setBackground(Color.lightGray);

    // Create the blink button and add it to the applet.

    b = new BlinkButton("Show message", 500);
    b.setBackground(Color.black);
    b.setForeground(Color.white);
    b.addActionListener(this);
    add(b);

    // Create the message text field and add it to the applet.

    message = new TextField("", 15);
    message.setFont(new Font("Serif", Font.ITALIC, 24));
    message.setForeground(Color.red);
    message.setEditable(false);
    add(message);
  }

  // This method is automatically called to handle the user
  // clicking the blink button.

  public void actionPerformed(ActionEvent e) {

    // If the message is not currently displayed, display it.
    // Otherwise, clear the message.

    if (message.getText().length() == 0) {
      message.setText("Hello world!");
      b.setLabel("Clear message");
    }
    else {
      message.setText("");
      b.setLabel("Show message");
    }
  }
}

 

Looking ahead

Multithreading is a powerful tool, but can be dangerous when two or more threads share the same resource. If not properly managed, one thread can easily overlay or undo the work of another thread. This will be addressed in the next lesson.

 

Lab exercise for Ferris students

E-mail your answers to this assignment no later than the due date listed in the class schedule.

 

Review questions

  1. What will be displayed when an attempt is made to compile and execute the following program? The line numbers are for reference purposes only.

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public class App {
  public static class Inner extends Thread {
    public void run(int x) {
      for (int i = 0; i < 3; i++) {
        System.out.println("Thread Running");
      }
    }
  }
  public static void main(String[] args) {
    Inner x = new Inner();
    Thread t = new Thread(x);
    t.start();
  }
}
  1. a compile error will occur at line 2

  2. a compile error will occur at line 3

  3. a compile error will occur at line 12

  4. the program will compile and execute to display the message "Thread Running" 3 times 

  5. the program will compile and execute but nothing will be displayed

  1. What will be displayed when an attempt is made to compile and execute the following program? The line numbers are for reference purposes only.

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public class App {
  public static class Inner extends Thread {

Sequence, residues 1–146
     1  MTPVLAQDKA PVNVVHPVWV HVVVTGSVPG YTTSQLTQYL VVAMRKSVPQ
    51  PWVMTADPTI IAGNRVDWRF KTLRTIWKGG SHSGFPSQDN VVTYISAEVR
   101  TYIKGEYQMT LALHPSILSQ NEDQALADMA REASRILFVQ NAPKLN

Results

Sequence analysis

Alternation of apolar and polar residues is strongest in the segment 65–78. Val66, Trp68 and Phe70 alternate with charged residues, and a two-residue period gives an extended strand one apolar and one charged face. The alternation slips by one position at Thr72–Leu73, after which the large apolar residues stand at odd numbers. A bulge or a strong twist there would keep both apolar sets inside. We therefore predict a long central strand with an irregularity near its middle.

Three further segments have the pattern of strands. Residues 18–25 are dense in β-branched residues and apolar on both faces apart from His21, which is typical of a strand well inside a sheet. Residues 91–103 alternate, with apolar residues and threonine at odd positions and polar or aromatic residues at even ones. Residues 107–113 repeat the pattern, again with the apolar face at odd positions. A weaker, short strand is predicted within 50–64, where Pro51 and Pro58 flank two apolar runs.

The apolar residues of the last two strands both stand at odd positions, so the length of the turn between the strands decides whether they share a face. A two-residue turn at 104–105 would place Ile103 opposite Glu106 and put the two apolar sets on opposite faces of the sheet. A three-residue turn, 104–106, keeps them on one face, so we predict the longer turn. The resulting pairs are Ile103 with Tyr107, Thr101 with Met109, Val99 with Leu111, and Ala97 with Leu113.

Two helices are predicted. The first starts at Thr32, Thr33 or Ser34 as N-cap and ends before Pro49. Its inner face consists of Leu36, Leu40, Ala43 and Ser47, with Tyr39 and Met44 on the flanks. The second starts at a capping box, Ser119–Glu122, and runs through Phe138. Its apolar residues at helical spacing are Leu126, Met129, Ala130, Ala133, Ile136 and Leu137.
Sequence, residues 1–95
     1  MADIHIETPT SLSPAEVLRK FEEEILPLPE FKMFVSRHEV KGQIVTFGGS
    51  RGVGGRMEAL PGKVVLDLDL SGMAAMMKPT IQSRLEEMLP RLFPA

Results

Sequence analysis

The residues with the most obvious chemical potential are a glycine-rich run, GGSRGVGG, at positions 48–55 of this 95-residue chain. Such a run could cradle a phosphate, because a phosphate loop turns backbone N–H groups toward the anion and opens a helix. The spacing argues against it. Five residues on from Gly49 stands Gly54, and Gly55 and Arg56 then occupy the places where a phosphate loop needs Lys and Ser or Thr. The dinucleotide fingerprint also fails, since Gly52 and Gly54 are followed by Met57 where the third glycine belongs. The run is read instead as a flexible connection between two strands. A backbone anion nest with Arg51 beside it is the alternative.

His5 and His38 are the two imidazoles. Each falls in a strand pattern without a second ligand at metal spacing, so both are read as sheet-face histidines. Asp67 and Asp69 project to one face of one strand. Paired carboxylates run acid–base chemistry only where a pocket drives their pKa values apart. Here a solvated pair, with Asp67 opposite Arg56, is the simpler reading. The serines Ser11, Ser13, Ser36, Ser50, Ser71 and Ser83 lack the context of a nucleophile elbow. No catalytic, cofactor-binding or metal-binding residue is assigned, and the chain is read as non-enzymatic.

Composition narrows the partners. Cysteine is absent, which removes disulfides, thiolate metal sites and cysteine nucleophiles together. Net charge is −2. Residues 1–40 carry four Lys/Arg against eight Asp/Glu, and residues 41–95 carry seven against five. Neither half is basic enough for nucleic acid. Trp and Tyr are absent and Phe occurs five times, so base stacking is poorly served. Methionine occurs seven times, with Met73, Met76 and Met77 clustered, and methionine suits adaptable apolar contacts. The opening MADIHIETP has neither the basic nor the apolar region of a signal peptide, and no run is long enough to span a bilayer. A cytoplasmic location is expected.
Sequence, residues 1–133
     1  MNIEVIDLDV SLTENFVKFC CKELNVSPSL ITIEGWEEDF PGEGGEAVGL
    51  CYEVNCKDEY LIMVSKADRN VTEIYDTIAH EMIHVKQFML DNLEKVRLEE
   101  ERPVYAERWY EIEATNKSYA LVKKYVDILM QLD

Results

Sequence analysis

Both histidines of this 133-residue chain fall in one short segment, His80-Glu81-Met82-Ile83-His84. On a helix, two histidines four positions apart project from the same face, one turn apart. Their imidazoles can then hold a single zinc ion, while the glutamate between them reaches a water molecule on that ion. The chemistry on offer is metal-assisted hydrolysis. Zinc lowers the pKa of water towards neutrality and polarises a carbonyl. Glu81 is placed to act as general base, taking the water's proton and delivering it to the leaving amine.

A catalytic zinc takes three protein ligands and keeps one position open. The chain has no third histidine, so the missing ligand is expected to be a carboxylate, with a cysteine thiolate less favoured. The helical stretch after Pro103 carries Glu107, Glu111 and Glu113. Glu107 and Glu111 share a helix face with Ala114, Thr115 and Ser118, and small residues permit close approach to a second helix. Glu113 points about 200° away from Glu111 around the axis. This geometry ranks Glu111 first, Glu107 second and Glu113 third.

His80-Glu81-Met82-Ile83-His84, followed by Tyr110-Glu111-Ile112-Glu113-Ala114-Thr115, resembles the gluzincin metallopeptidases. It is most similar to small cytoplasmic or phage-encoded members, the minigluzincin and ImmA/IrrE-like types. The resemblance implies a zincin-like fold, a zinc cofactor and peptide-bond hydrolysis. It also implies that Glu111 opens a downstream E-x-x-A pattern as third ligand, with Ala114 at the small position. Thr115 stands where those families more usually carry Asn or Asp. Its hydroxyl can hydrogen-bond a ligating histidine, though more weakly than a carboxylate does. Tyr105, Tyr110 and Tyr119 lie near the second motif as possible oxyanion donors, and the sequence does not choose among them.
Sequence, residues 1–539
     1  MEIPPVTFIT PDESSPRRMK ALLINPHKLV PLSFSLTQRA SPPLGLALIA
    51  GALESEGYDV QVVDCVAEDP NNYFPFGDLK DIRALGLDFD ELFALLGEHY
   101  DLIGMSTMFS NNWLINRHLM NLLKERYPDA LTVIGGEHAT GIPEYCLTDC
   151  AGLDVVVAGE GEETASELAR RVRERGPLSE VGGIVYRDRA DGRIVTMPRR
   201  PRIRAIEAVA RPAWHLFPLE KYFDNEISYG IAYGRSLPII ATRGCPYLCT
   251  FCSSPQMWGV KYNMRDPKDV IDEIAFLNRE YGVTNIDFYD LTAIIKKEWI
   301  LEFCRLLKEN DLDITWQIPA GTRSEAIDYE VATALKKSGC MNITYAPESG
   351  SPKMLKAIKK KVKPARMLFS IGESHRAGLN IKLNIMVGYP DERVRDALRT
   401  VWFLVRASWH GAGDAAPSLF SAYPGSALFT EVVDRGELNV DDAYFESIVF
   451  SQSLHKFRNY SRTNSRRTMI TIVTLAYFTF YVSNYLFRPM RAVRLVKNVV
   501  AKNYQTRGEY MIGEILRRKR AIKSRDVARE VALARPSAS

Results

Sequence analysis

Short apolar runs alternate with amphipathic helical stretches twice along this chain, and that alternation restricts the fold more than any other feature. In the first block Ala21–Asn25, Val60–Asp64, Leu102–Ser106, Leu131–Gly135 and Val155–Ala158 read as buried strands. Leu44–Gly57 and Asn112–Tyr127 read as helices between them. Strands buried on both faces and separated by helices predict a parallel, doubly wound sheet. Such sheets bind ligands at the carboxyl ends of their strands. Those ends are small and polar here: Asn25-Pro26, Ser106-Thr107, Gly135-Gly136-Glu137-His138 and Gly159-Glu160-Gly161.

String myName;
    public Inner(String name) {
      myName = name;
    }
    public void run() {
      while (true) {
        System.out.println(myName);
      }
    }
  }
  public static void main(String[] args) {
    Thread t1 = new Thread(new Inner("Bob"));
    t1.setPriority(4);
    t1.start();
    Thread t2 = new Thread(new Inner("Sally"));
    t2.start();
  }
}
  1. a compile error will occur at line 14

  2. a compile error will occur at line 15

  3. the program will compile and execute to display "Bob" more than "Sally

  4. the program will compile and execute to display "Sally" more than "Bob"

  5. the program will compile and execute but nothing will be displayed

  1. What will be displayed when an attempt is made to compile and execute the following program? The line numbers are for reference purposes only.

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public class App {
  public static class Inner extends Thread {
    public void run() {
      while (true) {
        System.out.println("Sub Thread");
        Thread.yield();
      }
    }
  }
  public static void main(String[] args) {
    new Thread(new Inner()).start();
    while(true) {
      System.out.println("Main Thread");
    }
  }
}
  1. a compile error will occur at line 6

  2. a compile error will occur at line 11

  3. the program will compile and execute to display "SubThread" more than "MainThread

  4. the program will compile and execute to display "MainThread" more than "SubThread"

  5. the program will compile and execute but nothing will be displayed

  1. What will be displayed when an attempt is made to compile and execute the following program? The line numbers are for reference purposes only.

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public class App {
  public static void main(String[] args) {
    while(true) {
      Thread.sleep(10);
      System.out.println("Tick");
    }
  }
}
  1. the program will not compile

  2. the program will compile but a runtime exception will occur

  3. the program will compile and execute to display "Tick" every ten seconds

  4. the program will compile and execute to display "Tick" every ten milliseconds

  5. the program will compile and execute but nothing will be displayed